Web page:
In view of these difficulties, it is necessary to assess how strong the hoard evidence adduced really is, against the documentary record. The core of this hoard evidence consists of four finds, three of which, Glasnevin and Dunmore Cave from Ireland and Bangor from Wales, were all very small; the other from Morley St Peter in Norfolk, while large, was likewise found outside the Viking kingdom of York and in an area which had been under the control of the English king for almost a decade. The York element in this find could well have reached East Anglia some time previously and the latest coins within it need not have been contemporary with the latest English coins. When it is recalled that the earlier sub-groups of the St Peter coins are much commoner than the later ones, the absence of the latter from Glasnevin and Bangor and their presence in Dunmore Cave, all of which hoards contained only a handful of coins, is less significant. (The important Bossall, Yorkshire, hoard must also be borne in mind.) It therefore seems preferable to recognise the vagaries of coin-representation in hoards and to accept the historical record at face value. To do so, also has its own problems but they appear less formidable than those raised by a late chronology.
It is suggested therefore that the St Peter and St Martin coins were neither ecclesiastical nor ‘municipal’ issues but were instead the coins of the Christianised Danish hosts of York and of Lincoln. The addition of a Thor’s hammer to the sword of St Peter is understandable if the issuing authority were the recently-converted leaders, not all of whom may have been fully convinced of the unaided power of the new Faith. On this interpretation, all the St Peter coins would have been issued before the conquest of York by the Hiberno-Norse Regnald in 919. This dating would allow the St Peter coins of the middle period (this example) from which the St Martin pennies were copied, to have been struck from c.910, giving the Danes of Lincoln time to have produced their coins before they submitted to Edward the Elder in 918.
Unlike the Danish host whom they replaced, the Hiberno-Norse conquerors had one acknowledged leader, and so, it was the name of the pagan Regnald which replaced that of St Peter on the next issues at York (Graham-Campbell 1980 cat. nos. 369-371). When Regnald submitted in turn to Edward in 920, an issue in the latter’s name may possibly have been made (registration no. 1959,1210.2). After Regnald’s death, his successor Sihtric did include a sword type among his coin-designs, but it was copied not from coins contemporaneously in issue but from earlier coins still present in circulation; this must certainly have happened in 952 when the same type was again revived by Eric Bloodaxe (Graham-Campbell 1980 cat. no. 377).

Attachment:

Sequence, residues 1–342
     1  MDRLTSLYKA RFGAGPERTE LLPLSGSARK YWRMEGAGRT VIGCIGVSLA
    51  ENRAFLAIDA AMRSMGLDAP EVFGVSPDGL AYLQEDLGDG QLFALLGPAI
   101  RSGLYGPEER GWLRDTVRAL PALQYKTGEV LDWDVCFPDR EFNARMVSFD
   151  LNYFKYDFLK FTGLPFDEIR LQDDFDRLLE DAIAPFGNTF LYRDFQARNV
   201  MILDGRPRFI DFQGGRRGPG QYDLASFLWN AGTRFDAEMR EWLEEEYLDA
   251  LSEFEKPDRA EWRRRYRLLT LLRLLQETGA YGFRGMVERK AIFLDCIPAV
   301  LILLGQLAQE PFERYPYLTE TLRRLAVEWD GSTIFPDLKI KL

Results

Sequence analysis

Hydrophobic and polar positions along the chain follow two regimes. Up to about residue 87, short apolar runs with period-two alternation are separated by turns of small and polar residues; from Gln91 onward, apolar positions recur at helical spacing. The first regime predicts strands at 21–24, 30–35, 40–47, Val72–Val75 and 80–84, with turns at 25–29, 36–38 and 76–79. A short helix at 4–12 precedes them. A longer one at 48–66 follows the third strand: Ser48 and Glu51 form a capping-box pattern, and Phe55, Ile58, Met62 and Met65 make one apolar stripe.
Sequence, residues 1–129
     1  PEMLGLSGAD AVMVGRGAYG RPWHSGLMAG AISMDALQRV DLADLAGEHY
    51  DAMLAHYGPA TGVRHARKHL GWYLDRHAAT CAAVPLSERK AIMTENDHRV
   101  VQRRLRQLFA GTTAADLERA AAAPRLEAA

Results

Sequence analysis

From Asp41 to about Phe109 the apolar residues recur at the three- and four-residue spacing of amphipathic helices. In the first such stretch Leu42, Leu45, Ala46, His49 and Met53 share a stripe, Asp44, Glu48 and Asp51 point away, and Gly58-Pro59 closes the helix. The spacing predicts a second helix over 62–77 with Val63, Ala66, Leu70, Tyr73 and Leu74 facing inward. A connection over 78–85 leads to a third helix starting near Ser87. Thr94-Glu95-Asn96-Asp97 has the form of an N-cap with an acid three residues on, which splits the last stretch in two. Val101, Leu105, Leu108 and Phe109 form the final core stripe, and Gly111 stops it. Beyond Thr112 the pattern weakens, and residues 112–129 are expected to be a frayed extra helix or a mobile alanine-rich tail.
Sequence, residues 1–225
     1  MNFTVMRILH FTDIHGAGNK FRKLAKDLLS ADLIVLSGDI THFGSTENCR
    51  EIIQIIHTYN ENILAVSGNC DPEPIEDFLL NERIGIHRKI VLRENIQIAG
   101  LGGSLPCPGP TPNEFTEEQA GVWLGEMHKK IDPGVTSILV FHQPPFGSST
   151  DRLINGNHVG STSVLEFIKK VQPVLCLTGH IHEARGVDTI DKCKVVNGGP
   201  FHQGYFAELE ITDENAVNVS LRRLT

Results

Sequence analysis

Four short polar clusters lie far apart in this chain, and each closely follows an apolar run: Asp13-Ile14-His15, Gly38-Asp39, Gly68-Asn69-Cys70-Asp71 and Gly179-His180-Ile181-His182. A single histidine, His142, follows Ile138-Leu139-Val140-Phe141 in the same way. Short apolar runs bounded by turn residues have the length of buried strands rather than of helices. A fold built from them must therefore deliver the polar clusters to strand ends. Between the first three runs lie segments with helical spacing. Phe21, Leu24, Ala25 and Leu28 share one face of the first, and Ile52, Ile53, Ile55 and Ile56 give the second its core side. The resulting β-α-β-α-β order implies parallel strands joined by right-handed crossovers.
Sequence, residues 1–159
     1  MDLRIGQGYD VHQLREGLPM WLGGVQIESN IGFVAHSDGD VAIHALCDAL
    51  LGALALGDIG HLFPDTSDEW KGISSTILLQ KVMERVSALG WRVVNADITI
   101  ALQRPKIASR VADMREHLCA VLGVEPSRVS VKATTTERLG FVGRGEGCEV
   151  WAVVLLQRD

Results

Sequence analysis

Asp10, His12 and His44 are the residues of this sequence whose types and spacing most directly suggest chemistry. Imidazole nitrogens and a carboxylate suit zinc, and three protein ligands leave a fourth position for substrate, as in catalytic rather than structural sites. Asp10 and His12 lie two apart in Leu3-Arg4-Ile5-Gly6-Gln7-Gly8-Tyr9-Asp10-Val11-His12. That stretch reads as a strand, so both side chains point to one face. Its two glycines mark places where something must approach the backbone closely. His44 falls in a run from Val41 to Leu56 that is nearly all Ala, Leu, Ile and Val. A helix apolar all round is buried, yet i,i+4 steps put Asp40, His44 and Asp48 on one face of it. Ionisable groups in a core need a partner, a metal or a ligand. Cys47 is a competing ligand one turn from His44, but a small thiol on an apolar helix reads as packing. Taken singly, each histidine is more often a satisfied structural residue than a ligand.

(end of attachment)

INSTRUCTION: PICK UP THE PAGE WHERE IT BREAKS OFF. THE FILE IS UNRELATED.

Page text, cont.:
Literature: Cp. Dolley, M. (1958): The post-Brunanburh Viking coinage of York, ‘Nordisk Numismatisk Årsskrift’ 1957-8, 40-3; Stewart, I. (1967): The St Martin coins of Lincoln, ‘British Numismatic Journal’, xxxvi, 46-54; Dolley, M. (1978a): The Anglo-Danish and Anglo-Norse coinages of York, in Hall, R. S. (ed.) (1978): ‘Viking Age York and the North’ (Council for British Archaeology Research Report, 27), London, 26-28.
- Not on display
- Exhibition history
2019, 16 Feb-8 Sep, Norwich Castle Museum, Viking: Rediscover the Legend
2018, 31 Mar-8 Jul, Southport, The Atkinson, Viking: Rediscover the Legend
2017-2018 24 Nov-4 Mar, Nottingham, University of Nottingham Museum, Viking: Rediscover the Legend
2017 19 May–5 Nov, York, Yorkshire Museum, Viking: Rediscover the Legend
2015-2017, 15 Mar-20 Mar, Falmouth, National Maritime Museum Cornwall, Viking Voyagers, LT Loan
2014-2015 Jul-Jan, Berlin, Museum für Vor- und Frühgeschichte, Vikings
2014 6 Mar-22 Jun, London, British Museum, Vikings
2013, 22 Jun – 17 Nov, Denmark, Copenhagen, Nationalmuseet Danmark, Vikings
- Acquisition date
- Coins and Medals
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(Money Gallery Exhibited)